School brings up so many issues with your child. When do you send your child to school? How much do you disclose to teachers? Should you enroll your child with their birth name? What about the dreaded family tree project? And the list just goes on.

It all depends on the age of your child, and whether or not he or she is already in school. If there is an IEP (Individualized Education Plan) in place, be sure to read it very thoroughly, and plan to have a meeting either prior to enrollment of your child, or very shortly after. A transitional IEP should be put in place.

As far as what name to enroll your child under, for legal reasons your child must be enrolled with his or her legal name at the time of enrollment. Most schools will allow a child to be called a name other than what they’re registered as. If your daughter’s biological name is Suzy Jones, but it will be changed to Suzy Smith once the adoption is finalized, they may have listed in the classroom as Suzy Smith. However, talk to your child about his or her feelings on this. Your child may not be ready for this. Other children want to take their “new name” as soon as possible.

The big question is how much you should tell the school. This is another personal decision. If there is a school psychologist that your child would be working with, make an appointment to see him or her. Explain that you are adopting a child from foster care. If there are issues that you know will come up in school, talk to the psychologist about how to deal with those ahead of time. Inform the psychologist of any diagnosis that your child has that will be relevant to school. If you do not feel comfortable disclosing the reasons for your child’s placement in foster care, you do not need to. There may be information already in the school file. You will want to get a copy of that file and see what has been disclosed.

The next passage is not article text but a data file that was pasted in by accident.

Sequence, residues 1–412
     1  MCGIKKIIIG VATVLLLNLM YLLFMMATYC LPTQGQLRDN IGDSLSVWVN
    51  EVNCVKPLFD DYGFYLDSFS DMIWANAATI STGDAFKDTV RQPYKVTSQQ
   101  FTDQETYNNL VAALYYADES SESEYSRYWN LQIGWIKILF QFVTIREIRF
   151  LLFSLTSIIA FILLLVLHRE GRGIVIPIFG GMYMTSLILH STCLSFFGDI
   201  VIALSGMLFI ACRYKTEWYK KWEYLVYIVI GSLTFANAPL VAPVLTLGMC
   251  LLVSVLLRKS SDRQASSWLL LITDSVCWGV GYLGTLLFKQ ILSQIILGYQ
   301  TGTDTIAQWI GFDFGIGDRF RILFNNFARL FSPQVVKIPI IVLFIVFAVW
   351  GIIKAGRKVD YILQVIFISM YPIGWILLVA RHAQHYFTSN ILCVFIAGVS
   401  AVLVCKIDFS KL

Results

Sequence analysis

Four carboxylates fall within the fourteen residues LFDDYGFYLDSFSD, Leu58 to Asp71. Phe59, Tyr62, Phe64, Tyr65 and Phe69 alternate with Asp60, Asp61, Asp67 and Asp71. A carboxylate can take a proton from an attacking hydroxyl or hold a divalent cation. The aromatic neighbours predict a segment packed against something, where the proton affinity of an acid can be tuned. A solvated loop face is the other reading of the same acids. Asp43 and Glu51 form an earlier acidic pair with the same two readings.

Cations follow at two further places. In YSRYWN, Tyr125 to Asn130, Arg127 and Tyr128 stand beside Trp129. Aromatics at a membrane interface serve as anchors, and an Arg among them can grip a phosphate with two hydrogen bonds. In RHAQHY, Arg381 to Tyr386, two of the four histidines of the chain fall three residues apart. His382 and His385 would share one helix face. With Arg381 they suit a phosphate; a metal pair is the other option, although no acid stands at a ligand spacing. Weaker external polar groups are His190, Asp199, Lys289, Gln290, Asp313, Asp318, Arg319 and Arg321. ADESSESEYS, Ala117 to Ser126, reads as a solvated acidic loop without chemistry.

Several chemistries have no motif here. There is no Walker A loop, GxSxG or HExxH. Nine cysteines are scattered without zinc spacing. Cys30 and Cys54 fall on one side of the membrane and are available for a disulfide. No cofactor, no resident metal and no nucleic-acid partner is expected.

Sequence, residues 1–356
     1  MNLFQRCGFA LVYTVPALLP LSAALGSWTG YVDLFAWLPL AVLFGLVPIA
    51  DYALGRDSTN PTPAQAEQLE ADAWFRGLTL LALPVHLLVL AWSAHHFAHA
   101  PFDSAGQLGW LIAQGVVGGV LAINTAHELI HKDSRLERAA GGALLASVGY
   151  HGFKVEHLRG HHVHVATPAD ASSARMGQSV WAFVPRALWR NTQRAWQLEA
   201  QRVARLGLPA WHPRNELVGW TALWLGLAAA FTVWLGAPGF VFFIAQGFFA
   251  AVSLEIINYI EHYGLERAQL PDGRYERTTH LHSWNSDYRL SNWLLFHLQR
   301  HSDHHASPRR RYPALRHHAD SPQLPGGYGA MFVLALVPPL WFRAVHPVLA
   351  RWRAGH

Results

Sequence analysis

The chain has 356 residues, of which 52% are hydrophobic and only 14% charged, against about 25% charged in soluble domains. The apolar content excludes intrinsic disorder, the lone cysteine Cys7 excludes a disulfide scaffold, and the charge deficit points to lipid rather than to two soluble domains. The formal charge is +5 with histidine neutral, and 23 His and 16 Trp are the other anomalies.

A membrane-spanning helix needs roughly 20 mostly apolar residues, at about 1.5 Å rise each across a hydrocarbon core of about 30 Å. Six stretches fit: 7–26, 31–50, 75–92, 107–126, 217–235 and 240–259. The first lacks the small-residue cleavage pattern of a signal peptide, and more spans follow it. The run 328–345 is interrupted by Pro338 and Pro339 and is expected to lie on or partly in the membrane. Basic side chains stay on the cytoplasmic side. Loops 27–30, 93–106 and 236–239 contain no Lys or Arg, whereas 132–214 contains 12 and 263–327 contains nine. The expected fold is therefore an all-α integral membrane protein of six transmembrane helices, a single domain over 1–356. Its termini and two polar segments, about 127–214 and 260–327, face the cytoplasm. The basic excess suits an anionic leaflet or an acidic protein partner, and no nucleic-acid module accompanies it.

To find out what your rights are, when it comes to the schools, go to Wright’s Law. This website will teach you how to advocate for your child when necessary, what the laws are for children with disabilities (physical or emotional), and how to find resources. There are hundreds of articles that will help you to help your special needs child. You may also sign up for a free weekly e-newsletter.

There comes a time in every adopted child’s school career when they will face the dreaded family tree project, or be asked to bring in baby pictures for a project. This may present emotional difficulty in your family, whether the adoption has been finalized or not.  There is an excellent book, entitled Lucy’s Family Tree, by Karen Halvorsen Schrek, that addresses this subject and offers suggestions for completing family tree (and other, similar) projects.   I recommend checking it out.

Alternatively, it might be in your child’s best interest to be homeschooled.  You have the legal right to choose to home school your child if you want. There are certain laws that you must adhere to in order for this to be legally recognized, and to keep yourself from falling under truancy laws. Some states are less restrictive in their regulations than others.  A little research should help you prepare to meet your state’s homeschooling standards.